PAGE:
Sunday, 14 February 2016

Taking Valentine's back from Hallmark

View from the interior of Afterwords bookstore on a snowy afternoon.

After our first date, when I find out she has a boyfriend (or, as she explains, an ex-boyfriend who is not yet completely out of the picture), I sign off gallantly in an e-mail, “I am at your disposal.”

Except what I’ve written is “I am your disposal.”

There, that was my obligatory nod to Valentine's Day.  And for the record that was a quote from a memoir titled, The Diaries of Pussy-Cake by Gary Shteyngart.  This year I was determined not to let Valentine's Day devolve into a dutiful Hallmark moment.  There have just been too many near misses in my life lately to not be more mindful. 

I'll give you two examples.  Like a lot of other pedestrians in the City of St. John's I recently made a rather dramatic face-plant on the icy sidewalks.  One of my friends has been laid up for weeks with a leg broken in three places.  Luckily for me as I lay on my face, groceries askew wondering what was the safest way to try and get up, I feel a pair of strong arms pick me up.  A kind stranger drove me home, which almost sounds like a Hallmark Valentine card–this second example won't.  I was walking home across downtown when I encountered a tight knot of emergency vehicles and crime scene tape.  Apparently, a drunk driver had lost control, took down a power pole and struck two pedestrians.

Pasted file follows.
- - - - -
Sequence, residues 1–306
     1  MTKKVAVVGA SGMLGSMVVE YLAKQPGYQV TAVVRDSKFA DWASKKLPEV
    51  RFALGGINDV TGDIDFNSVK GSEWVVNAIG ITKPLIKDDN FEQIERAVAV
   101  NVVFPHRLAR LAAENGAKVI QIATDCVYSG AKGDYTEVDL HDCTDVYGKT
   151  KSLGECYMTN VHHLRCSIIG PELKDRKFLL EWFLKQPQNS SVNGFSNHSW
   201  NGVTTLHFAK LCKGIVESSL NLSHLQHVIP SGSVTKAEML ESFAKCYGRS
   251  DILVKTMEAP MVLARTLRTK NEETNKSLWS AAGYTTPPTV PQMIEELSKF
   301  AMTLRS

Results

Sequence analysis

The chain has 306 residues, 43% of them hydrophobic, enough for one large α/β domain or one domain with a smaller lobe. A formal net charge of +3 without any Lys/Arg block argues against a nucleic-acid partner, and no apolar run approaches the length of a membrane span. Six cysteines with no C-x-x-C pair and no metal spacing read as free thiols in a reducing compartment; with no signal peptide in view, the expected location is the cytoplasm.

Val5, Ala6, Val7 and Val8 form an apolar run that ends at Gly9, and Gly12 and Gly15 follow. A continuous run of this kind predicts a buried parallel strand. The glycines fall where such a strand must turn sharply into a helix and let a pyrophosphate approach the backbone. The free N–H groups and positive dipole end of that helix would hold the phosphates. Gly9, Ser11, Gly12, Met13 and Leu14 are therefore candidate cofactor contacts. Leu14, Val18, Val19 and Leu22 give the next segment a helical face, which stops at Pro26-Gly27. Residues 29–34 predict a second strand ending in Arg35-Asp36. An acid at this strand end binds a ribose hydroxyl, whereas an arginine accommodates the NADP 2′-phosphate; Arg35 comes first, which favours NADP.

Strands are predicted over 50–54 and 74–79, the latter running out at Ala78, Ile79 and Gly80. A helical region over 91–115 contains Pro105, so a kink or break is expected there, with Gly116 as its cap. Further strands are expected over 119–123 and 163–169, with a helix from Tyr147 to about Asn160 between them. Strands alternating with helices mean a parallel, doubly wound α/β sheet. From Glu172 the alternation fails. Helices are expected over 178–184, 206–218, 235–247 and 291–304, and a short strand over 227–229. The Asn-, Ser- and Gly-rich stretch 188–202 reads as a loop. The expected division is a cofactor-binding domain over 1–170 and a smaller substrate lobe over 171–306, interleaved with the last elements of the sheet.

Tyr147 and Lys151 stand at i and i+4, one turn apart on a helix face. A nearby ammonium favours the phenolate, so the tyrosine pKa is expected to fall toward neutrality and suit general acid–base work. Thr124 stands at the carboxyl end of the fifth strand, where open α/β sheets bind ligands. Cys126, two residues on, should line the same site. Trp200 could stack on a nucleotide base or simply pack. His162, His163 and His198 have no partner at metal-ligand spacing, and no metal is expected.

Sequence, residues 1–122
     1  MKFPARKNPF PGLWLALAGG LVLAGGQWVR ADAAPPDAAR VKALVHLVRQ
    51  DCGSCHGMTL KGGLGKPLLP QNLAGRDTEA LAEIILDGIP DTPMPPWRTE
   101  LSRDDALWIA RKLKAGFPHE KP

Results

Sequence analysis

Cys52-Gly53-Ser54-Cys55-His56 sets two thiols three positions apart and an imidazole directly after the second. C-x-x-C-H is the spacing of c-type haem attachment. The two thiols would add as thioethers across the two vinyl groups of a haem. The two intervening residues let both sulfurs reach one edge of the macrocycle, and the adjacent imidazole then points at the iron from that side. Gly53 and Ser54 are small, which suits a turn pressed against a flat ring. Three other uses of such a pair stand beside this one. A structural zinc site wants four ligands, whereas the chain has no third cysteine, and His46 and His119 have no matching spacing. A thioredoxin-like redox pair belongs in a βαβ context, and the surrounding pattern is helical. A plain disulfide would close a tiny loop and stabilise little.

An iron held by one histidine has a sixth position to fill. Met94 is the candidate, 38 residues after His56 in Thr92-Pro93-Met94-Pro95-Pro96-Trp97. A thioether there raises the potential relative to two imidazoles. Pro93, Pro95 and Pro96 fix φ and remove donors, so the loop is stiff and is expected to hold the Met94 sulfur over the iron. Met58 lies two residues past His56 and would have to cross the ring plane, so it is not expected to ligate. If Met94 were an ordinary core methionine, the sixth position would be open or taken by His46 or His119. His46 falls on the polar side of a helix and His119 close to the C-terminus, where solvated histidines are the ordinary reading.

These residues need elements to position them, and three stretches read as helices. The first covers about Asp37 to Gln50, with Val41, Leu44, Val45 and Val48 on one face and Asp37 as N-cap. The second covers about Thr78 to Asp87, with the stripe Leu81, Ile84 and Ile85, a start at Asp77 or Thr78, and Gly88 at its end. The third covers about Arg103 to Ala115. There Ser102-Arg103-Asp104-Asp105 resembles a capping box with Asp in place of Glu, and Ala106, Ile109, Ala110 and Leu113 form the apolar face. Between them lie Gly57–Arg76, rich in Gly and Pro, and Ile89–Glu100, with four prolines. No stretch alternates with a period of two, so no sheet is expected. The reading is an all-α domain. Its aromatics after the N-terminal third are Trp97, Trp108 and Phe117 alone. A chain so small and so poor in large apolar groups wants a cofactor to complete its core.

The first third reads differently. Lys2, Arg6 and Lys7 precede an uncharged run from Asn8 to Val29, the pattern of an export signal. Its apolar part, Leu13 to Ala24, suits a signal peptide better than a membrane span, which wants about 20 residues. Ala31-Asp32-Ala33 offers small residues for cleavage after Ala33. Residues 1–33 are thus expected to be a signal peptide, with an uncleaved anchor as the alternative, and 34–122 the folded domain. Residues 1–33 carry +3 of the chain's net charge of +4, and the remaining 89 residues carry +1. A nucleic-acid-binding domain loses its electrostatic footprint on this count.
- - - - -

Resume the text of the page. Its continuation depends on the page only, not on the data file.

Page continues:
Despite the snowstorm, TBS raised $8,055.70.

So, I decided to sidestep the customary this year and make a determined effort to give in meaningful ways this Valentine's.  My community made it easy.  On Saturday the 13th, I went down to my favourite tattoo establishment, Trouble Bound Studio, where boss man Dave Munro and his crew of talented artists annually donate their time around Valentine's in order to raise money for Daffodil Place, which supports families undergoing cancer treatment.  I made a cash donation and as soon as my glasses had unfogged and I collected a hug I was on to my next destination.

At Gower Street United Church there was a fundraiser in full swing to benefit a Syrian refugee family.  The Atlantic String Quartet was on stage playing a tango ripe with attitude, silent auction tables dripped with certificates for services and goods, raffle tickets were being snapped up with the prize catch being a pair of West Jet tickets for anywhere the airline flew.  Friends too organized this event.  I caught Flower Hill's soulful set, felt good about leaving a donation and limiting myself to only one very large cookie.  Then a whopper of a snowstorm rolled into town and I trudged home.

The snow was blinding but I still could make out the bundled shape of Andy Jones, whom I congratulated on his performance as Habib, which I caught during a matinee last week.   I decided on Sunday to help my neighbours dig-out and received more hugs. While thigh-high in snow I learned from Amy House that the Saturday snow forced the LSPU Hall to cancel a sold-out performance.  Mother Nature willing audiences will be lucky tonight.

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